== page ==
[Python-Dev] How to suppress instance __dict__?

Guido van Rossum guido@python.org
Sun, 23 Mar 2003 16:15:15 -0500

> It's almost too bad that the distinction between __new__ and __init__
> is there -- as we find we need to legitimize the use of __new__ with
> things like __getnewargs__ it be comes a little less clear which one
> should be used, and when.  TIMTOWDI and all that.

__new__ creates a new, initialized object.  __init__ sets some values
in an exsting object.  __init__ is a regular method and can be called
to reinitialize an existing object (not that I recommend this, but the
mechanism doesn't forbid it).  It follows that immutable objects must
be initialized using __new__, since by the time __init__ is called the
object already exists and is immutable.

> In the absence of clear guidelines I'm tempted to suggest that C++ got
> this part right.

Of course you would.

I tend to think that Python's analogon to C++ constructors is __new__,
and that __init__ is a different mechanism (although it can often be
used where you would use a constructor in C++).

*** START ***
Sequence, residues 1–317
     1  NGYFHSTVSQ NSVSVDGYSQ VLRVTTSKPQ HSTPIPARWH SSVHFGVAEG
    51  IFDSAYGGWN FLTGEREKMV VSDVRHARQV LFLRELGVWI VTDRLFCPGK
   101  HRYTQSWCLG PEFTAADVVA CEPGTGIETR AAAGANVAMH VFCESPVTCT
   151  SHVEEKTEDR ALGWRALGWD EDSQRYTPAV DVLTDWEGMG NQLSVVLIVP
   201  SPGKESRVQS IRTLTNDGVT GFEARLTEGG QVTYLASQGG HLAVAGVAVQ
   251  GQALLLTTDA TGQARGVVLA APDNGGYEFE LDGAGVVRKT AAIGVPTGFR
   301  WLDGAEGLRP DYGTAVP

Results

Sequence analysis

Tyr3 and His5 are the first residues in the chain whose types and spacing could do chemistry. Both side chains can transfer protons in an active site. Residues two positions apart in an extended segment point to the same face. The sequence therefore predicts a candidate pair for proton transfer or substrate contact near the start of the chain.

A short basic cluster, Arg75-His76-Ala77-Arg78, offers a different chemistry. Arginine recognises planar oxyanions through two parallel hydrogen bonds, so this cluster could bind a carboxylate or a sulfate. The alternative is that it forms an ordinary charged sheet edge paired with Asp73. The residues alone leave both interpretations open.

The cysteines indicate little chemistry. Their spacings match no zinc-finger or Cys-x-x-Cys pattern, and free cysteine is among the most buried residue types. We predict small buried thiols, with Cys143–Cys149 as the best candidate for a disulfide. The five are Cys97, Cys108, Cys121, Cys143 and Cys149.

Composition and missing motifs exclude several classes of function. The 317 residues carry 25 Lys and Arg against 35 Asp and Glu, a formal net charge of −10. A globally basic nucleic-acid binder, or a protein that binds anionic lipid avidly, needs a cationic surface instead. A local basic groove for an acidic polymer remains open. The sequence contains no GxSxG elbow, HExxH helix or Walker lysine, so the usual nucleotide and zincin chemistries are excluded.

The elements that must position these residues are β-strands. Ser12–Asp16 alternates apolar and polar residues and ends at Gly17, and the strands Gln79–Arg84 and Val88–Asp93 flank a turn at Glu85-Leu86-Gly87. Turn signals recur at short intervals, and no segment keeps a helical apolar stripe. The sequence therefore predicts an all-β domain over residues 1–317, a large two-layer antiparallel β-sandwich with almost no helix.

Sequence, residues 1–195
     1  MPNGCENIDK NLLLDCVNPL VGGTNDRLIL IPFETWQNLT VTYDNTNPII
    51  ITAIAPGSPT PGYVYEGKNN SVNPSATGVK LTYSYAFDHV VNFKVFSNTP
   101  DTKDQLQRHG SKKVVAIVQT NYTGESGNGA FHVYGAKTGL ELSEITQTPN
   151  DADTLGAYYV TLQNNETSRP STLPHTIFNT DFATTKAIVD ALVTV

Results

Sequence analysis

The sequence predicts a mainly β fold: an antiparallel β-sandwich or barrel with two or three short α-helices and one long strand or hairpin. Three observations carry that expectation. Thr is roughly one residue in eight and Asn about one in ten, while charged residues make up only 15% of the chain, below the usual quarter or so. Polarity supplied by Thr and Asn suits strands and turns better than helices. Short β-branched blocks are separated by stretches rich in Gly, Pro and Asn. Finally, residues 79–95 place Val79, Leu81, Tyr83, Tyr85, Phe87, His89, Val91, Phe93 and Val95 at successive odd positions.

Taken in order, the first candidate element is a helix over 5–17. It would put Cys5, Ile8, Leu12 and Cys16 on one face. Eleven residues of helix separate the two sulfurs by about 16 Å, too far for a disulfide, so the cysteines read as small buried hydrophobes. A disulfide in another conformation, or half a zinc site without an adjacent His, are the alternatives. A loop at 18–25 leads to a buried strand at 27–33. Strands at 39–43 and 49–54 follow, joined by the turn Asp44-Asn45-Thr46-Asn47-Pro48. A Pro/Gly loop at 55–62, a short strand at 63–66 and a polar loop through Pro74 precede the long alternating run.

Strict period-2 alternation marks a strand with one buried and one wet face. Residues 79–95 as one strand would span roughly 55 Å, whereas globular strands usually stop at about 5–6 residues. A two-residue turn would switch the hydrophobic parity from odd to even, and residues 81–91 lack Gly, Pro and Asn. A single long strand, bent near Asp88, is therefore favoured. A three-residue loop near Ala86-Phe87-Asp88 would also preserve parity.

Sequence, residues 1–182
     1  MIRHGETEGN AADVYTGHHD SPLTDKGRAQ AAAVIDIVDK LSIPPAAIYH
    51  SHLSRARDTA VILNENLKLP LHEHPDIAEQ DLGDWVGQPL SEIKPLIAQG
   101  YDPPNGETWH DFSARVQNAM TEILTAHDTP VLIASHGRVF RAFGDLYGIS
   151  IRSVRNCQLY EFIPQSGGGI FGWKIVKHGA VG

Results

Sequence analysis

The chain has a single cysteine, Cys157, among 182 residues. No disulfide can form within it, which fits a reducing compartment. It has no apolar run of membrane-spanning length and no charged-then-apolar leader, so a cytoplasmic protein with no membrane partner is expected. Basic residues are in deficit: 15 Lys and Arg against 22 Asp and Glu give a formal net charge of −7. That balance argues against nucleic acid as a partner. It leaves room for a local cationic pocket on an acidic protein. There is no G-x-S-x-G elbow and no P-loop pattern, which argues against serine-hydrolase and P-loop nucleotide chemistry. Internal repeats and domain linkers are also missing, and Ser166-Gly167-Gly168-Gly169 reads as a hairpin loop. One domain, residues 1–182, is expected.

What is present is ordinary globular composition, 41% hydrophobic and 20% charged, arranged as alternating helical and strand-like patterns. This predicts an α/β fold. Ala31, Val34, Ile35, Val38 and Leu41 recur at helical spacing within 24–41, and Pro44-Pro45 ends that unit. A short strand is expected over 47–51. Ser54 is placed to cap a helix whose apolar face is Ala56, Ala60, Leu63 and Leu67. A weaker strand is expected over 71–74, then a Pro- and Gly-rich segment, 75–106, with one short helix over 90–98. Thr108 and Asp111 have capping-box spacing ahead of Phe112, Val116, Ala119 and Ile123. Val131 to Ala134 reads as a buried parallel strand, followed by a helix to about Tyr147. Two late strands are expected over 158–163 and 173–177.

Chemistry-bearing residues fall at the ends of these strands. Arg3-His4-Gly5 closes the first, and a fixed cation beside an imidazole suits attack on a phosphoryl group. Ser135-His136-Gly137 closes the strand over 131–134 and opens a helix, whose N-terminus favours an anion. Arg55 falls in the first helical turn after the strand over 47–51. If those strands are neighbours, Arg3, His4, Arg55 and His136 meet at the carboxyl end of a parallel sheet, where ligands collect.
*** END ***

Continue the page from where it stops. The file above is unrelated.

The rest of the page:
> Occasionally we get people who think they want to call overridden
> virtual functions from constructors (I presume the analogous thing
> could be done safely from __init__ but not from __new__)

Whether or not that can be done safely from __init__ depends on the
subclass __init__; it's easy enough to construct examples that don't
work.  But yes, for __new__ the situation is more analogous to C++,
except that AFAIK in C++ when you try that you get the base class
virtual function, while in Python you get the overridden method --
which finds an instance that is incompletely initialized.

> but that's pretty rare.  I'm interested in gaining insight into the
> Pythonic thinking behind __new__/__init__; I'm sure I don't have the
> complete picture.

__new__ was introduced to allow initializing immutable objects. It
really applies more to types implemented in C than types implemented
in Python.  But it is needed so that a Python subclass of an immutable
C base classs can pass arguments of its choice to the C base class's

> Nice. Too bad about 2.2.

Maybe the new pickling could be backported, but I fear that it depends
on some other 2.3 feature that's harder to backport, so I haven't
looked into this.

--Guido van Rossum (home page: http://www.python.org/~guido/)